Happy Boxing Day everyone! Holidays and vacations are interesting topics for us employment lawyers. We have blogged about Public Holidays under the Ontario Employment Standards Act, 2000 (“ESA”) and in the past. Check out our posts on this topic here.
For workplaces in Ontario, governed by provincial law, there are nine Public Holidays. These are:
- New Year’s Day
- Family Day
- Good Friday
- Victoria Day
- Canada Day
- Labour Day
- Thanksgiving Day
- Christmas Day
- Boxing Day
Working on a Public Holiday
A designation as a public holiday does not mean that employees cannot work on that day. Obviously, lots of people are working and selling us stuff today!
Under the ESA an employee can agree to work on a Public Holiday. If they do so, they can take another day off, which will be paid, or they can be paid premium pay for the Public Holiday worked. Section 73 of the ESA allows retail employees to refuse to work on a Public Holiday or a Sunday, but they do so at the risk of losing hours.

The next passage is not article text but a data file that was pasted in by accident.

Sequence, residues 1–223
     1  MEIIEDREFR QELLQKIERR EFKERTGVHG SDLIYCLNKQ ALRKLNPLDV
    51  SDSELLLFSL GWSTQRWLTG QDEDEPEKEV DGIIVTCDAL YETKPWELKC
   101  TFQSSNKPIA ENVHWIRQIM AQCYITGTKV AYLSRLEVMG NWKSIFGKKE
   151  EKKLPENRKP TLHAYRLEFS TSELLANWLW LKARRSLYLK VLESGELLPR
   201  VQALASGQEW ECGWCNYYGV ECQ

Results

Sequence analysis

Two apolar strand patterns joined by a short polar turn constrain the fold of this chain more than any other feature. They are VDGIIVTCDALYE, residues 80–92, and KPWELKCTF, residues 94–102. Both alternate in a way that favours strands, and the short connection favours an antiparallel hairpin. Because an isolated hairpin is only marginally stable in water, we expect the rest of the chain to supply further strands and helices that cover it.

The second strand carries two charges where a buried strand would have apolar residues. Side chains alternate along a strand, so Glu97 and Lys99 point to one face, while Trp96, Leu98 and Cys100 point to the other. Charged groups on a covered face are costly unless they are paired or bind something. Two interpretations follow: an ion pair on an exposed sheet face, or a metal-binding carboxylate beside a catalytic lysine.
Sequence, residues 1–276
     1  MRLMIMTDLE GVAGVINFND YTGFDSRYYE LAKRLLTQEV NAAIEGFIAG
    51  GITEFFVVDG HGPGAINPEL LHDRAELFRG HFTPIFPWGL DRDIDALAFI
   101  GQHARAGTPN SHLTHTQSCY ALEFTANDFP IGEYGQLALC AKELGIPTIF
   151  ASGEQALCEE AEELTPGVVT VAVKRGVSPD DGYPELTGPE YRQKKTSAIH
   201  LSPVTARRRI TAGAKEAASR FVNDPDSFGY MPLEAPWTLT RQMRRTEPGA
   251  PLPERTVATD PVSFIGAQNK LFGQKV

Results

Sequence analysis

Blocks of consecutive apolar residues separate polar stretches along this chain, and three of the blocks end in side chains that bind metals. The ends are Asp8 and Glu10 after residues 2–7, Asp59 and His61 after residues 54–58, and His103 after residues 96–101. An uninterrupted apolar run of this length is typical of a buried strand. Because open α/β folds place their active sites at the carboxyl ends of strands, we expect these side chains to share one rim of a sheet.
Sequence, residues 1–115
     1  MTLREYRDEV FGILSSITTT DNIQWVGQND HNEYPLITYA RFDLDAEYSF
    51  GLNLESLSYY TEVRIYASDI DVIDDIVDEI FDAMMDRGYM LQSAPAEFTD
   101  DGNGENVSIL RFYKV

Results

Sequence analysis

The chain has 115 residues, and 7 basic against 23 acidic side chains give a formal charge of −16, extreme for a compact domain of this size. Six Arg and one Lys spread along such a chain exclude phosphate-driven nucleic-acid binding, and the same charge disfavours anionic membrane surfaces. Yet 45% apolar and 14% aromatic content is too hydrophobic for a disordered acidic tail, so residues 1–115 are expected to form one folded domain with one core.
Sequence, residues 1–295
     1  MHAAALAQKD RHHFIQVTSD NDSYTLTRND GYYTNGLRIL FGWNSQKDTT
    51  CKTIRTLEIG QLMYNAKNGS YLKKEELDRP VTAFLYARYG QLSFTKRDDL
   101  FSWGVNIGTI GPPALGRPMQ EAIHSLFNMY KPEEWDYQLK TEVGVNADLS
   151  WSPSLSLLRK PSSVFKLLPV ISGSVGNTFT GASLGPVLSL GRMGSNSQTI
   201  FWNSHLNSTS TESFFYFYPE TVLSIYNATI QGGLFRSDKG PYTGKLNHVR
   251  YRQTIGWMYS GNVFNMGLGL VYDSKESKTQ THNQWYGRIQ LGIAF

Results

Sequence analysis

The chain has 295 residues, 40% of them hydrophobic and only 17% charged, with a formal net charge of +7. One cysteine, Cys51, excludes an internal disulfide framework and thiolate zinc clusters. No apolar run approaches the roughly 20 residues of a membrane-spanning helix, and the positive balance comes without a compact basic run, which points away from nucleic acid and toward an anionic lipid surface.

Employees who do not work on Public Holidays generally need to be paid Public Holiday Pay. See our posts on the drama swirling around Public Holiday Pay for more on this topic.
Holidays that are Not Public Holidays
You’ll notice that three of the Public Holiday days listed above fall around this time of year. Many workplaces are shut down around now, for more than these three days. It is certainly not uncommon for offices to be closed from Christmas to January 2. But these extra days off, December 27 – 31, are not Public Holidays.
This raises the question, what is an employee’s entitlement to these unofficial holiday days?
Falling into the same curious category are Easter Monday, Easter Sunday and Civic Holiday. Many employees expect these days off with pay, but employers are not required by the ESA to give them.
This does not mean that employers who have historically provided these days off as paid days can, upon reading this post, take them away. Like any change to the terms of employment, employers must tread carefully or risk constructive dismissal claims, or at the very least, a disgruntled workforce. Generally, some changes can be made upon providing sufficient notice but we recommend getting legal advice about your particular situation before any action is taken.
Get in touch if you’d like to discuss Public Holidays or making changes in your workplace.
Happy Boxing Day everyone!